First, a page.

If you’ve been suffering for years with hip pain and have run out of treatment options, your doctor may suggest hip replacement surgery. During the procedure, the hip joint is removed and replaced with an artificial joint made from plastic and metal components. Hip replacement surgery is invasive and requires four days in the hospital, physical therapy, and 6-12 months of recovery time.
Needless to say, getting the surgery is a major decision. On top of the physical aspect, paying for the procedure and the follow-up care can also cause a lot of concerns to patients. Here is a breakdown of hip replacement surgery costs and ways you can finance it.
Hip Replacement Surgery Cost
Hip replacement cost varies by location, but the average cost is around $31,000. Medicare reportedly paid for 400,000 hip replacement surgeries in 2014 that totaled around $7 billion. Their costs ranged by location from $16,500 to $33,000.
Keep in mind that cost can vary much more considerably, adding uncertainty. Blue Cross Blue Shield issued a report on the total cost and cost variation for hip and knee replacement surgeries which showed even greater variations than Medicare. Those figures, however, are just for the hip replacement surgery itself. Follow-up visits and months of physical therapy are not included in those figures and can add tens of thousands of dollars to the total cost.
Just as hip replacement cost can vary, so can the insurance coverage. According to Healthcare.gov, the average insurance policy has an annual deductible of between $1,000 and $2,000, and co-insurance of 20%. The maximum out-of-pocket expense for an insurance policy in the Healthcare marketplace is $7,150. Depending on their insurance coverage, some patients are left trying to figure out how to cover the cost of the hip replacement surgery.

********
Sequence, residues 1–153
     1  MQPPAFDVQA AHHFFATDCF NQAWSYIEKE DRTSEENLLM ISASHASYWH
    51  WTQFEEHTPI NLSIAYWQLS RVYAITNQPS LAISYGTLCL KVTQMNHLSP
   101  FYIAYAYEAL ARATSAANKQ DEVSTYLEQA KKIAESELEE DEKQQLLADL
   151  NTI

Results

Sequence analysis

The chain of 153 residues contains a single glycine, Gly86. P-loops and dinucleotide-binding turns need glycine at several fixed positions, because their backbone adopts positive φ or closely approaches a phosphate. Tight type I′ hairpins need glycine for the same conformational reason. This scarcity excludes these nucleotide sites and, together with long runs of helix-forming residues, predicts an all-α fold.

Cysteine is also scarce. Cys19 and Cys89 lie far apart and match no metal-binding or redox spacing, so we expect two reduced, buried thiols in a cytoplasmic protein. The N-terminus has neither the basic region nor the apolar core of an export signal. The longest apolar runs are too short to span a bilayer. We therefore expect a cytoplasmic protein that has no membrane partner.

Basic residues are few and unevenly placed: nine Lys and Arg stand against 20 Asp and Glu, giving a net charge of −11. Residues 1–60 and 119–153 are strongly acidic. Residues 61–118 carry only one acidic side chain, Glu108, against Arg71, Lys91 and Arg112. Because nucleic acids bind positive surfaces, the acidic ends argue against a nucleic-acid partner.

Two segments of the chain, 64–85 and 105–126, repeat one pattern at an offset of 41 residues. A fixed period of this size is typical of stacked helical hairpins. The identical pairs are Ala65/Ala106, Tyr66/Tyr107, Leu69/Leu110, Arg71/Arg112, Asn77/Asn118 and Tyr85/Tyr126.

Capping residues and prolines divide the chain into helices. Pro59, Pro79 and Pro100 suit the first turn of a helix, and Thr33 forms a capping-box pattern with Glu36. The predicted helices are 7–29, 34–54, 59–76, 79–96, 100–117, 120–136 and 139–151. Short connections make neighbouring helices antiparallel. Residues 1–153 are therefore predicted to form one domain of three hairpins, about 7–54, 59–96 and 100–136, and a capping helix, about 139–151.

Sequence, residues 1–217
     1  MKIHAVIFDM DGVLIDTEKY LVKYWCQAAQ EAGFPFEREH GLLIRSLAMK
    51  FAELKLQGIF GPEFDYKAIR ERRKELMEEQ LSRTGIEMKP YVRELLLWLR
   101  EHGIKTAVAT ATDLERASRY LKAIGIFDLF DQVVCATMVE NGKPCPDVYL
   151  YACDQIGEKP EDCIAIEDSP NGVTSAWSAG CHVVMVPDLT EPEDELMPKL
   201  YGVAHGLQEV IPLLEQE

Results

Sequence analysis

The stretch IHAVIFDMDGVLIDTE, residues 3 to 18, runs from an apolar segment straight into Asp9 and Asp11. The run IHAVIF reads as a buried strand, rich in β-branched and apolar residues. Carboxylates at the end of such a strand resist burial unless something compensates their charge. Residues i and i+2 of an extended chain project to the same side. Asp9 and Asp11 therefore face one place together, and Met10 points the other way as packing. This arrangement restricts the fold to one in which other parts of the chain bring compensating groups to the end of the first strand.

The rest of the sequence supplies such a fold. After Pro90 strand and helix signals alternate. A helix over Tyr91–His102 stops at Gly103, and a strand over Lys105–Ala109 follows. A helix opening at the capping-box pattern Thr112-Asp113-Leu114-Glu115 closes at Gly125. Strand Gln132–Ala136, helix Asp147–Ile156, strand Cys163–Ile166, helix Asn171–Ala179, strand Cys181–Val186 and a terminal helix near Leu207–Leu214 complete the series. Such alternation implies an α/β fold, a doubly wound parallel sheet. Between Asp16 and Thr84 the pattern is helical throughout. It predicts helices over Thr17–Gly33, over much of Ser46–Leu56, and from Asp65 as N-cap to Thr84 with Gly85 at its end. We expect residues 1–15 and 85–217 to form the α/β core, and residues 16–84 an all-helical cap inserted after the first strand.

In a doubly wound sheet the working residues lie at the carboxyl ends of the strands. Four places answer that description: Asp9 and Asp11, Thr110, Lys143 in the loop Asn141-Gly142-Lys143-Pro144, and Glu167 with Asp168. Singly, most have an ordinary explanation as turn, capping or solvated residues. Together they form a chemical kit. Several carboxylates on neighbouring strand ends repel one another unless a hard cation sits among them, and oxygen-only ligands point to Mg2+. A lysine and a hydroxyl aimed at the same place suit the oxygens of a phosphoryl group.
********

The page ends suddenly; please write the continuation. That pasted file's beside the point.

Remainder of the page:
There are a few viable options for patients looking to finance their share of the hip replacement surgery.
Those who own a home might look at taking out a home equity loan to pay for the surgery. Home equity loans come with both disadvantages and advantages. The interest rates are low, but it could be a risky plan for those looking to sell their home in the next year or two. Additionally, this option is only available to homeowners in the position to dip into their home equity
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- Finance all medical expenses at a low interest rate
- No collateral, no fees, no home equity requirements
Those who have high enough limits on credit cards may consider using them to pay for the surgery. Interest rates on credit cards, however, are extremely high. Failing to pay down the balance can lead to high interest charges which would increase the cost of hip replacement significantly. Furthermore, it’s not a guarantee that a credit limit is high enough to cover the medical expenses.
Personal loans are another option for financing hip replacement surgery. Many financial institutions offer personal loans specifically for financing medical expenses. Since a personal loan is a form of unsecured debt, there is no underlying collateral requirement. However, this also means low credit borrowers could get stuck with high-interest debt.
All of these options are viable, but they all have their drawbacks.
Interest rates have a big impact on the final cost of financing surgery. Personal loan rates can vary depending upon credit score and loan amount, so there is a chance to get a great deal (but also a chance for a high interest). Credit cards might be the most convenient option, but they generally come with high interest which would virtually guarantee higher costs. Home equity loans come with the lowest interest rates, but they also require the borrower to dip into their equity, another risk.
Author: Jeff Gitlen
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